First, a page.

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Edwin Evans and Mashawn*Fn1 Venable v. Melvin Mcdaniel

January 21, 2011

EDWIN EVANS AND MASHAWN*FN1 VENABLE, PLAINTIFFS-RESPONDENTS,
v.
MELVIN MCDANIEL, DEFENDANT-APPELLANT.



On appeal from the Superior Court of New Jersey, Law Division, Special Civil Part, Essex County, Docket No. SC-3567-09.

Per curiam.

NOT FOR PUBLICATION WITHOUT THE APPROVAL OF THE APPELLATE DIVISION

Submitted December 1, 2010

Before Judges R. B. Coleman and Lihotz.

Defendant-landlord Melvin McDaniel appeals from a Special Civil Part judgment, entered following a bench trial, awarding plaintiffs Edwin Evans and Mashawn Venable return of their security deposit. We affirm.

The parties entered into a written lease agreement for the period August 1, 2009 to July 31, 2010. Plaintiffs agreed to pay the monthly rental of $1,050. Plaintiffs remitted a security deposit of $1,575 and paid the first month's rent.

Plaintiffs stated they were given the keys to the premises, but never moved in due to various problems needing remediation. Initially, plaintiffs complained that the toilet was inoperable, there was a hole in the kitchen wall and the prior occupant had left trash in the premises. Plaintiffs requested, and defendant agreed, to repair these items and stated he would address any other concerns plaintiffs raised.

Plaintiffs arranged for cable and telephone services, moving a television and telephone into the leasehold for hookup. Additionally, they purchased a refrigerator, which was connected in the kitchen, and replaced the stove. Thereafter, plaintiffs determined the electricity and plumbing functioned poorly and the kitchen drawers were filled with "mouse feces and dead roaches." Defendant attributed the infestation to the first-floor tenant.

At trial, plaintiffs played an August 26, 2009 voicemail message left on their answering machine from defendant that stated he did not want them as tenants. Defendant agreed to retain August's rental payment, end the lease, "waive the thirty-day notice" and return their security deposit.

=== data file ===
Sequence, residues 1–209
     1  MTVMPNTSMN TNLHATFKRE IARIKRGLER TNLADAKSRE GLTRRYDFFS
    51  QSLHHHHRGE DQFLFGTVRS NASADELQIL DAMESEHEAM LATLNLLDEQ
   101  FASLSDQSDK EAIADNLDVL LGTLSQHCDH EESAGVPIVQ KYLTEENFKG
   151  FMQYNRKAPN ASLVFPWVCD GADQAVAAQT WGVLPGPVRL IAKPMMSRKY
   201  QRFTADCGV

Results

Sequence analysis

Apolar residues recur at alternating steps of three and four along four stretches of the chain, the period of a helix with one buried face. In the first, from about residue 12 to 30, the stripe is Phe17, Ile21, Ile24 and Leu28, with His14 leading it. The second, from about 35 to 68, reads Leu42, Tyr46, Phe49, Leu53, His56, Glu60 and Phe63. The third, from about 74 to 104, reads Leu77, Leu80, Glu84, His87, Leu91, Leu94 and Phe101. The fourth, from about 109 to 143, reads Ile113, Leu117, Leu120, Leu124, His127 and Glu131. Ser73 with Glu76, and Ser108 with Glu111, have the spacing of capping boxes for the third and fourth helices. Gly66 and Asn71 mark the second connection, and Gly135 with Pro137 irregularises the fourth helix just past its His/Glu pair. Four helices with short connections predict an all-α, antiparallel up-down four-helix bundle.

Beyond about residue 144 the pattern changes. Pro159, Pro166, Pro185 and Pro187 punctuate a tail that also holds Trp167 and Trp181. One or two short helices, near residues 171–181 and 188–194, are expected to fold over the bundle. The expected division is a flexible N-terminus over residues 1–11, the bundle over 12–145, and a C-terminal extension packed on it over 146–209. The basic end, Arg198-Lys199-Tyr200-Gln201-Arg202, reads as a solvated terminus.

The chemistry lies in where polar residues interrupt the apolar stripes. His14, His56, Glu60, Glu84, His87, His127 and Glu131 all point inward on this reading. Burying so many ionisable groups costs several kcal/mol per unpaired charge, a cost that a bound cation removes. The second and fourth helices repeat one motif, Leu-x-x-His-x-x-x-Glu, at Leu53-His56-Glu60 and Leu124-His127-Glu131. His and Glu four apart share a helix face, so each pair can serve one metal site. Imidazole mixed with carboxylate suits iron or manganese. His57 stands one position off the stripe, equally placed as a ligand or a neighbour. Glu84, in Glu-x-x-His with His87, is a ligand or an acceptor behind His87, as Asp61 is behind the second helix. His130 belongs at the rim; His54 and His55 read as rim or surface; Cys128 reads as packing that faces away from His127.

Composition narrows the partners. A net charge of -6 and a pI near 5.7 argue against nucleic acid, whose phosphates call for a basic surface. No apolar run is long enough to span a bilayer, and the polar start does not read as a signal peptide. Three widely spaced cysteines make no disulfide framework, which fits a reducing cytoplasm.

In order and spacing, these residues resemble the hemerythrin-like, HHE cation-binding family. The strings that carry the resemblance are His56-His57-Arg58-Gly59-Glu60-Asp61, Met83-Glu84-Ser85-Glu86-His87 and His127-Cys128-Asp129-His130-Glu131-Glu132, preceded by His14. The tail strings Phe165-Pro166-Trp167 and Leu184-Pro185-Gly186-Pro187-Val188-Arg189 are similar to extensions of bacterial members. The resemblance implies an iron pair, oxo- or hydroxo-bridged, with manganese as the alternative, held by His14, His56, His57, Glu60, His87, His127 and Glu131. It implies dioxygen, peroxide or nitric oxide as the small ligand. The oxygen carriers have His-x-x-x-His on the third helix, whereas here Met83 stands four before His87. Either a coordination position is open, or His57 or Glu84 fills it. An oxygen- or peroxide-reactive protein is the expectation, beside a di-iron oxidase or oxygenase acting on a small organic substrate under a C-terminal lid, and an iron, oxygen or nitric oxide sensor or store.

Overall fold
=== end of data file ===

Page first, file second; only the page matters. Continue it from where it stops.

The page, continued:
Plaintiffs assert they had never moved into the apartment and claimed they did not agree defendant could retain the rent paid. Plaintiffs filed this action seeking return of all monies remitted for the security deposit and rent.

Defendant testified that one week before the lease was signed, both plaintiffs had viewed the apartment. Plaintiffs told defendant they had one month remaining on their current lease and tried to adjust the start date to September 1, 2009. Defendant explained they could wait if they wanted, but he had other prospective tenants who may lease immediately. The parties executed the lease on July 31, 2009 to commence the tenancy the next day.

One week later, plaintiffs began lodging complaints. Defendant asserted he addressed each issue. For example, he maintained the plumbing worked fine, but he merely needed to install a new flush handle on the toilet; the trash remnants resulted from a new carpet installation and he admitted there were a few mouse droppings in the kitchen drawer and agreed to engage an exterminator. The following week, plaintiffs complained the electrical outlet in the bedroom was inoperable and later, the electricity for the building was completely disrupted when plaintiffs plugged in an air conditioner. Defendant hired an electrician to correct the problem and told plaintiffs everything was fixed. Nevertheless, plaintiffs continued to call defendant with complaints regarding the premises.

Defendant offered photographs of plaintiffs' personal property in the premises to establish they had moved-in. The pictures did not reflect food, furniture and furnishings were placed in the apartment, they showed only the items described by plaintiffs installed in anticipation of a move.

Defendant admitted that, in frustration, he left the August 26, 2009 voicemail message telling plaintiffs he thought "maybe they would be problem tenants" and maybe they should leave and he would return their security deposit. After calming down, he consulted an attorney, who advised the lease was binding and he called plaintiffs to explain he would continue to honor the lease. He suggested if plaintiffs wanted to leave, he would allow them to break the lease but he would ...


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